I would expect a pro-lifer to be anti-contraception, because in my experience pro-lifers – as you demonstrated in our last discussion – are completely indifferent to preventing abortions: online prolifers talk nastily about women who have abortions and blog against contraception; and in the real world prolifers campaign to make abortion more expensive/less safe and to ensure a high level of abortions by campaigning against access to contraception. But demonstrably, this does not include most Catholics, who are both pro-choice and pro-contraception. The minority who want there to continue to be a high level of abortions and who want those abortions to be performed unsafely and illegally and expensively, are both Catholic and Protestant, but primarily misogynistic.

      *”Importantly, this category excludes women who are pregnant, postpartum or trying to get pregnant; women who have never had vaginal intercourse; and women who have not had sex in the last three months.” None of these women would be likely to use contraception anyway, regardless of religious affiliation, because they have no practical need for it.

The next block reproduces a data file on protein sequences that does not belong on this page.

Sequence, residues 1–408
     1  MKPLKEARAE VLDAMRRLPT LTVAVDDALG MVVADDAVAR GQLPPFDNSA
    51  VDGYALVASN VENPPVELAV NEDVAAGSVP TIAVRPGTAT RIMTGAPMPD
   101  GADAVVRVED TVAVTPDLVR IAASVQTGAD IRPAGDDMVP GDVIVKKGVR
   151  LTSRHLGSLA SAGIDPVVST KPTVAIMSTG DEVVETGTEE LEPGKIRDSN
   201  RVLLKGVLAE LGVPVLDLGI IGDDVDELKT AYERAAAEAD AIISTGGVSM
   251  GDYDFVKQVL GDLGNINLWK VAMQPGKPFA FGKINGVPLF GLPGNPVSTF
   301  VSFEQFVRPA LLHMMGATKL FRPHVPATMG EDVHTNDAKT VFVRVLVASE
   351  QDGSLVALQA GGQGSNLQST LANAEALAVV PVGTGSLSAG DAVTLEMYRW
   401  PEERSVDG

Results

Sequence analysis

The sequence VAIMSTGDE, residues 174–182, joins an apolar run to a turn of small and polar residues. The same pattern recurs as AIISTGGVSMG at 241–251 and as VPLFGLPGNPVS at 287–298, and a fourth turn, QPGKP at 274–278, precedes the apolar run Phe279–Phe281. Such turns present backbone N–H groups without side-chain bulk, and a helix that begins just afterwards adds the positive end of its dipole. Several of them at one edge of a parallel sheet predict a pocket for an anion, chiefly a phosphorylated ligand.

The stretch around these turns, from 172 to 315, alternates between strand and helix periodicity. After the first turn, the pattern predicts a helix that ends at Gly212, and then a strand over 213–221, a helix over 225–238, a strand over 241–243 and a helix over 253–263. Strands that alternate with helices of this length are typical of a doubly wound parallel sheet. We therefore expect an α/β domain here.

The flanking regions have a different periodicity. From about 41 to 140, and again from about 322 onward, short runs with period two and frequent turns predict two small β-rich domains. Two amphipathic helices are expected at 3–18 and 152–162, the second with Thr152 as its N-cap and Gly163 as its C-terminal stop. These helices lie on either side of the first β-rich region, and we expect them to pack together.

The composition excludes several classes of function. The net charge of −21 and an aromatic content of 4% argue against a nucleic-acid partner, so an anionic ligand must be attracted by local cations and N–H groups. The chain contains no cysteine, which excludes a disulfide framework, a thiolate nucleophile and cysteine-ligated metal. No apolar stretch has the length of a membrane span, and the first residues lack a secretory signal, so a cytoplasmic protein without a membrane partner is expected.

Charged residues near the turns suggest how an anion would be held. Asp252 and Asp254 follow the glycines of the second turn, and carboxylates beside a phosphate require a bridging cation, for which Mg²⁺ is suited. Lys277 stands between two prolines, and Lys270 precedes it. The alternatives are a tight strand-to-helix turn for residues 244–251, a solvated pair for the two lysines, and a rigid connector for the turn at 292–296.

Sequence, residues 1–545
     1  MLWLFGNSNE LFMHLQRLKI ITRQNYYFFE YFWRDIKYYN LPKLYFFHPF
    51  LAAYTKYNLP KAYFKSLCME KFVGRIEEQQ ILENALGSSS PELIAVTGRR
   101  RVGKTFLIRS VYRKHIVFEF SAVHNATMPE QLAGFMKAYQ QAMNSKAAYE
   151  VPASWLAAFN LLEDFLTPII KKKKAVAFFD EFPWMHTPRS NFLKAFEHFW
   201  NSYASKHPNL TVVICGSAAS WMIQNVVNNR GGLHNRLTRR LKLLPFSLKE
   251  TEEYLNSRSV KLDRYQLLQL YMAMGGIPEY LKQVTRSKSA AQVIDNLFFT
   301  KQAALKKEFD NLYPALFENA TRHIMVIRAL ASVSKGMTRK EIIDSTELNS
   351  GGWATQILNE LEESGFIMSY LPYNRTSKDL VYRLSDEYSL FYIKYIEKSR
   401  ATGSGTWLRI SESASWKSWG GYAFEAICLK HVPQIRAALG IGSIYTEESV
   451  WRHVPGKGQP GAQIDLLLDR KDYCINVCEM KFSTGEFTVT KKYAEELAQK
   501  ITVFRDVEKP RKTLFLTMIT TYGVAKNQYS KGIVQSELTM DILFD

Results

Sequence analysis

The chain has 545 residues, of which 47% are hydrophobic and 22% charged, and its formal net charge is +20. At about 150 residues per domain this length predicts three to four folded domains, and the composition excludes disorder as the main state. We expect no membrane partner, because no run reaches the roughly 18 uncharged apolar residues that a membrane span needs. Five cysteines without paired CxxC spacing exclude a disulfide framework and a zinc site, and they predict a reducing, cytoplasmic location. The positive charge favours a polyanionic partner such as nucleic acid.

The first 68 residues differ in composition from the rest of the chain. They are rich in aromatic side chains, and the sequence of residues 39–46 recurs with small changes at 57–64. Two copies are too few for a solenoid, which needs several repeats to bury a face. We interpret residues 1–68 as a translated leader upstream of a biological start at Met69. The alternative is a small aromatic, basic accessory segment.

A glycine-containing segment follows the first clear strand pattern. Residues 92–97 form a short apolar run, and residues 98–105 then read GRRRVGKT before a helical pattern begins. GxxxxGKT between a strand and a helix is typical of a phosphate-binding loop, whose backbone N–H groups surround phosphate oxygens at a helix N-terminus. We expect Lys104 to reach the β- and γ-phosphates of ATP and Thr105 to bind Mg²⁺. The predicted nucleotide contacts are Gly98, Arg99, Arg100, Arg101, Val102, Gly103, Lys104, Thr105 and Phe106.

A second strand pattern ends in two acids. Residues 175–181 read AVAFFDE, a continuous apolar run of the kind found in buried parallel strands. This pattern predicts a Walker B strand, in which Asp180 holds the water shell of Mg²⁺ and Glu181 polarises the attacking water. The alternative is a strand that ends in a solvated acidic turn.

• “If you want to study mouse use, you ask people who have desktops.”

        If I make the claim that 98% of computer users employ a mouse, I would not cite a study that only interviewed desktop users.  Why?  Because that study doesn’t support my claim.  It would only support my claim if my claim were, “98% of desktop users use a mouse” or “98% of an unknown fraction of computer users use a mouse.”

        Perhaps the Guttmacher institute had a reason for so restricting their study, but the fact remains that your claim based on said study is a lie.  98% of sexually active Catholic women do NOT use artificial birth control.  98% of sexually active Catholic women who aren’t pregnant, post-partum, and do not want to become pregnant, use artificial birth control.